As one of Wall Street Journal magazine’s Brand Innovators in 2015, Nike’s CEO and President, Mark Parker knows a few things about staying in the lead. Having served as Nike’s CEO since 2006, Parker is responsible for helping to double Nike’s annual revenue from $15 billion to $30.6 billion over the course of 9 years. In addition, according to the NPD group, Nike currently controls around 59 percent of the $34 billion sports-footwear market.
In an interview with Karl Taro Greenfeld of the Wall Street Journal, Parker makes time to share with us how being a sponge, providing reasoning, and focusing on the future helps to keep Nike creative, innovative, and on top.
Here are 3 approaches we would highly recommend adding to your toolkit:
1. He’s a Sponge
Parker attributes his own varied interests and pursuits to both his father’s curiosity and his paternal grandmother’s thirst for knowledge. “She would take me on walks through the woods and point out plants and say what phylum and species. She was a huge influence. At Nike, we have a set of guiding principles, and one of those was directly inspired by her, and that’s ‘Be a sponge,’ soak in everything around you. Look deeply. Observing is really the fuel to innovating, ultimately.”
2. He Makes Sure To Provide Reasoning
Parker and Tinker Hatfield once disagreed on the final design specifications of the Air Max 1. Parker wanted a strap stitched down from the laces on the outside of the sneaker to connect with a lateral strip that ran all the way around the lower part of the upper, arguing that would provide more support and, just as important, inspire confidence in the athlete that the shoe was stable. “I didn’t think we needed it,” Hatfield says.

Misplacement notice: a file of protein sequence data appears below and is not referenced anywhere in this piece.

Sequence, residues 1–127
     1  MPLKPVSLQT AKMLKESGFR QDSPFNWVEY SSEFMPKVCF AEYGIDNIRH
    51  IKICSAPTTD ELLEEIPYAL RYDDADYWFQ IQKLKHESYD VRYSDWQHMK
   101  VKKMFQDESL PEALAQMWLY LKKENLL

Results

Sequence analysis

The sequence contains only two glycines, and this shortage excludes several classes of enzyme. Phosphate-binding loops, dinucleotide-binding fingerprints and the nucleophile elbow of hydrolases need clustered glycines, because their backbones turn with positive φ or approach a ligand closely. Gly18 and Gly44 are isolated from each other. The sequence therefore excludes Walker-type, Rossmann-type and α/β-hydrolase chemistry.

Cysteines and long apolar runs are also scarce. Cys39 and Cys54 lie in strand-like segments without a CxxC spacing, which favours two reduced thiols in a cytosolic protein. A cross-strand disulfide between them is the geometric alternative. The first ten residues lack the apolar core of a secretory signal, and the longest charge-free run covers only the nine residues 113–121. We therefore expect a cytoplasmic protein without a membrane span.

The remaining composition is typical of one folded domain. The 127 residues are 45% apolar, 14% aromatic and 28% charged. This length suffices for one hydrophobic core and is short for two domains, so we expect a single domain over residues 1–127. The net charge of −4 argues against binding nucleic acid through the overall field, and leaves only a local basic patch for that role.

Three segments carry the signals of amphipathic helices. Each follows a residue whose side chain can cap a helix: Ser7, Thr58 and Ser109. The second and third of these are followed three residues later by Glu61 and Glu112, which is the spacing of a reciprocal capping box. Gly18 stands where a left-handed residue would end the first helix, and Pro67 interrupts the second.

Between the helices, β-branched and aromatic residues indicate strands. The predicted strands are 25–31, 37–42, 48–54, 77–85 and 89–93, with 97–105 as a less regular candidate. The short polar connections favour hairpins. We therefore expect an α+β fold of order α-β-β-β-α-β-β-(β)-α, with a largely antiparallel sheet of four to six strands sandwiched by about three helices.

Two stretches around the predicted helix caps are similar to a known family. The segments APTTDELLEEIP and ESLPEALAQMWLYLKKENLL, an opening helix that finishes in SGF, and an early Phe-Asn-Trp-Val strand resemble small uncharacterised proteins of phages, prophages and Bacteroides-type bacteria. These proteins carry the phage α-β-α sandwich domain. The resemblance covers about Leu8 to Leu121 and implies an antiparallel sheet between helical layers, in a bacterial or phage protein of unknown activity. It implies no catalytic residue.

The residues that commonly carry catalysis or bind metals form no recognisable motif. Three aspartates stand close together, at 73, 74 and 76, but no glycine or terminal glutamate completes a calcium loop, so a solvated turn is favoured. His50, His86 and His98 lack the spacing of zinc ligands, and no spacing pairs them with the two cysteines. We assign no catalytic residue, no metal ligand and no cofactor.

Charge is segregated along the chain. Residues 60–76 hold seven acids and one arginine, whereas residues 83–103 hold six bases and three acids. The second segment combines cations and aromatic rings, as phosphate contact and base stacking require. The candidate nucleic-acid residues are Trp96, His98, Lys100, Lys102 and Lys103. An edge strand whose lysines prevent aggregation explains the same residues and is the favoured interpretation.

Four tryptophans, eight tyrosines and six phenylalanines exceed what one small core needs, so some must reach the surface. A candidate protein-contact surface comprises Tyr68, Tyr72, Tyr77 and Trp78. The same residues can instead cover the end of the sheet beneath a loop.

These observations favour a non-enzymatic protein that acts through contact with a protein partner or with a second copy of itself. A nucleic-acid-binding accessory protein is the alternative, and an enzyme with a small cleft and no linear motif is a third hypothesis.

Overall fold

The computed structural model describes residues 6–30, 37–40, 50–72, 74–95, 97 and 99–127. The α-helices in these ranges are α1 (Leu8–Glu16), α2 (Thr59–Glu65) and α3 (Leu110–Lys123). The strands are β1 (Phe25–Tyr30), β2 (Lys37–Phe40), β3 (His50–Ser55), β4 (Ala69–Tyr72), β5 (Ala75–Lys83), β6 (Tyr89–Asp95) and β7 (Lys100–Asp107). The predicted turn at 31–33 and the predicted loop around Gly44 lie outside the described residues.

Parker could have pulled rank—he was then the head of special projects for footwear, R&D and design—but instead, he kept methodically laying out the reasons, both technical and aesthetic, why the additional strap was necessary. “That’s his approach, to be calm, to continue to state the reasons, to keep showing his sketches,” says Hatfield. “He has a mild and subtle way of changing an opinion. It’s effective, because in the end, you’re agreeing with him.”
3. He Stays Focused On The Future
It’s no accident that the Beaverton campus doesn’t have a fancy museum devoted to Nike’s history. There are exhibits in various buildings dedicated to Tiger Woods, Michael Jordan and hundreds of other athletes, but the actual history of Nike is confined to just one little room with a model of the VW Bus that Phil Knight drove around selling the company’s first sneakers. Parker says that’s because of something that Steve Jobs once told him when he was visiting Apple and noticed they didn’t have a museum. “What I got back was, ‘Well, we are more focused on the future,’ ” Parker says. “Past is past.”